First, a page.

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  Comments (2) Total Thursday Apr. 24, 2014
Canadian Dollar Dips as U.S. Economy Rebounds
Lowest value in nearly five years prompts concerns over visitor spending in border communities
File photo by Lido Vizzutti | Flathead Beacon
Two weeks ago, the sagging Canadian dollar reached its lowest value in nearly five years. The loonie slid to 89.35 cents U.S. in the final week of January, 10 cents lower than nine months ago and the first time it dropped below 90 cents since mid-2009.

The declining value of Canada’s currency has prompted questions and concerns about its ripple effect on communities like Whitefish and others near the border that have relied heavily on Canadian visitors and second homeowners as economic cornerstones.

But fear not, according to Canadian economist Donna Townley.

“The Canadian dollar’s bottom isn’t falling out,” she said last week. “We’re still coming down to Montana.”

Townley, an instructor from the University of Lethbridge in Alberta, has focused her research in recent years on the economic relationship between Northwest Montana and Canada. Though the recent fluctuation in value should not trigger any serious fears among local business owners, she acknowledges that her countrymen have been spoiled with an outsized loonie that has spiked tourist spending.

As the U.S. emerges from the Great Recessions and strengthens its own economy, Canada’s dollar is destined to drop, she said. But even so, the consumer prices and taxes up north still make Montana a favorable destination, and Townley doesn’t foresee a significant decline in non-resident spending in 2014.

“We were spoiled when (the loonie) was at 98 cents. But even down to 92 cents or a little lower, we’re still coming because of price differences and because it’s Montana,” Townley said. “It’s majestic Montana. There’s skiing. There’s boating. There’s lakes. There’s Glacier National Park. We’re still going to come down for all of that.”

Townley estimates the loonie would need to sink below 80 cents U.S. before Canadians might be seriously deterred from traveling over the border to shop. The overall cost of Canadian consumer goods like produce and retail items has increased roughly 10 percent in recent months due to the weakening loonie. At the same time, Canada’s harmonized sales taxes contribute to even steeper costs. British Columbia has a roughly 12 percent sales tax, Alberta’s is 5 percent and Saskatchewan’s is 10 percent.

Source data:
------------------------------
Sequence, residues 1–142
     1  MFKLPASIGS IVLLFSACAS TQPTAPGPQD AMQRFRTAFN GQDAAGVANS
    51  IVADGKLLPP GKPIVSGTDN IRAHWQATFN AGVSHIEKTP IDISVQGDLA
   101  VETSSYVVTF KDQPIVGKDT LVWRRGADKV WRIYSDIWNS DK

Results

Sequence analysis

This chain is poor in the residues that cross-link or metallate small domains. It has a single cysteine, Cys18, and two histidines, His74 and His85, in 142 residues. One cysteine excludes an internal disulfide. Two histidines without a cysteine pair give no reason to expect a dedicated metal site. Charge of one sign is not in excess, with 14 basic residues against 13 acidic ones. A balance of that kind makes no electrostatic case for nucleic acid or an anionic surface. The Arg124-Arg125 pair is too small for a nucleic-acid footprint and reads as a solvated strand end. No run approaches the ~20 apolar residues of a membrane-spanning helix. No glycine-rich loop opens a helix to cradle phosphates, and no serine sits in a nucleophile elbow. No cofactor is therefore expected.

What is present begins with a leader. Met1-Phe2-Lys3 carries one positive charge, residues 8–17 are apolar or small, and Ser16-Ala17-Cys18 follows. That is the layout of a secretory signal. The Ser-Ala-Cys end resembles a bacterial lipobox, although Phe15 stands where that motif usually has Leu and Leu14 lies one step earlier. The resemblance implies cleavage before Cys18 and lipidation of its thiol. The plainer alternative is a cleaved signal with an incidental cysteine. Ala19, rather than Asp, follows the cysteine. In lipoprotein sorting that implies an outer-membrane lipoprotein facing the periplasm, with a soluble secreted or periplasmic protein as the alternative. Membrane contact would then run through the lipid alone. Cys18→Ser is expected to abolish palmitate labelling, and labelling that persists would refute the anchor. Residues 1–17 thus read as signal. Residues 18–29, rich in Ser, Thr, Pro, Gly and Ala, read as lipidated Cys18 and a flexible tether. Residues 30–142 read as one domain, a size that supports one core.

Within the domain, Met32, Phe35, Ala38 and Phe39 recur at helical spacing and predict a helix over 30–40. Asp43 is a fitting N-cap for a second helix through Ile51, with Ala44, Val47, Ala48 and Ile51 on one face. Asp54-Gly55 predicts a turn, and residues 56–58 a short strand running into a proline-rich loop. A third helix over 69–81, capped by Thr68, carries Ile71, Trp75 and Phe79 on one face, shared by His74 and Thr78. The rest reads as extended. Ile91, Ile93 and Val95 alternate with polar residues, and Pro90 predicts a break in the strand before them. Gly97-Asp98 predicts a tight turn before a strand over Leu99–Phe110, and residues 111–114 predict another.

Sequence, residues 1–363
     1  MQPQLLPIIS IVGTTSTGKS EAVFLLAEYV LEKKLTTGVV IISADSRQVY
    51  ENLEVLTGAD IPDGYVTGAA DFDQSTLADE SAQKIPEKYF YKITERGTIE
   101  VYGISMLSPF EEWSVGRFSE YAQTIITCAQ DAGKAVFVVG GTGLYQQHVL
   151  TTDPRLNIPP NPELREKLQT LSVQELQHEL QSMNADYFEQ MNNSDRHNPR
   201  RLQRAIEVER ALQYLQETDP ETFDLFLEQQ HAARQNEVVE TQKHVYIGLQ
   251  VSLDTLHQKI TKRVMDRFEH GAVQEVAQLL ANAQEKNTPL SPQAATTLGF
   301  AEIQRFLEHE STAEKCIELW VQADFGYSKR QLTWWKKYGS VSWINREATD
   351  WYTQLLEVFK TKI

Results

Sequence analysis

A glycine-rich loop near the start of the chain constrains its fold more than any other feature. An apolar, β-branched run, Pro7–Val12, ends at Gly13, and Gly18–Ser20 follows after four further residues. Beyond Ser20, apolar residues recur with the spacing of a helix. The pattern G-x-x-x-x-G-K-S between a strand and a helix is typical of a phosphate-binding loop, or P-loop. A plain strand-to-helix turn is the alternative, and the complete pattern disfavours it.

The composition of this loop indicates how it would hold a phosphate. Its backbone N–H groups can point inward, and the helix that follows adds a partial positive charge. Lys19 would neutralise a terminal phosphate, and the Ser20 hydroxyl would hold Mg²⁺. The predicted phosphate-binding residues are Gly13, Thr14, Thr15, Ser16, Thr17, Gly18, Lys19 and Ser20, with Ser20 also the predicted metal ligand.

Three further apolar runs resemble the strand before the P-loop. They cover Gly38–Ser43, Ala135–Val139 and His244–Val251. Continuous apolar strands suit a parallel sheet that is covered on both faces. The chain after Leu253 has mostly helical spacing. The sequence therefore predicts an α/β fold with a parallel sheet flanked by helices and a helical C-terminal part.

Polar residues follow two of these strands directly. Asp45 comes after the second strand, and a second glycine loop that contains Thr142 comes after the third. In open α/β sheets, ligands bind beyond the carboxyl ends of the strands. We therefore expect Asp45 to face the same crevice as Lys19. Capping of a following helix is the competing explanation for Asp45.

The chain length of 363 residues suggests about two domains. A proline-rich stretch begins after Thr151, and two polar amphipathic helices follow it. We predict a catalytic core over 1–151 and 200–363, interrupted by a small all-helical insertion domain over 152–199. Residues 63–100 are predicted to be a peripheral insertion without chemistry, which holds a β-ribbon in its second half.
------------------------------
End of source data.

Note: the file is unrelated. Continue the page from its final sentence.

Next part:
Canada’s currency enjoyed a slight uptick in recent days, particularly after the country’s latest government report produced better-than-expected news about job growth. Its unemployment rate dropped from 7.2 percent to 7 percent, leading the loonie to rise a half cent Feb. 7.

In January 2013, the Canadian dollar averaged at 99 cents U.S., according to the Bank of Canada. Over last year it dropped 10 percent in value.

The latest estimates are that the loonie will hold at roughly 91 to 93 cents U.S. in 2014, Townley said.

“That’s still very, very strong and that will still bring the tourism. That will still bring the Canadians,” she said.

For years, the U.S. dollar towered over Canada and Americans enjoyed the high conversion rates that made visiting the country extremely affordable and attractive. But during the recession years, the loonie strengthened considerably.

In 2012, when the loonie traded almost on par with the U.S. dollar, roughly 1.5 million Canadians crossed into Montana through one of the 13 border stations, according to the latest figures from the U.S. Department of Transportation. That amounted to almost 10 percent of the 10.8 million visitors who spent roughly $3.3 billion that year, according to the University of Montana’s Institute for Tourism and Recreation Research.

The Canadian buying power extends beyond tourist dollars though.

Between 1984 and 1999, Canadians bought 221 homes in the Flathead Valley. In 2012, they purchased 225, according to Kim Morisaki with Montana West Economic Development.

Morisaki gave a presentation at the recent economic outlook breakfast highlighting the strong Canadian presence and influence in Northwest Montana. MWED staff compiled the data with Townley, local appraiser Jim Kelley and Flathead County staff, and as it shows, Canadians are tied closely to Montana’s economy.

Morisaki estimated that last year’s lower percentage of Canadian home purchases was due to a considerable increase in overall sales.

“We may have hit the peak,” she said. “Canadians have slowed down on their purchasing. But even with a slightly weakened dollar we expect they will continue to buy here.”
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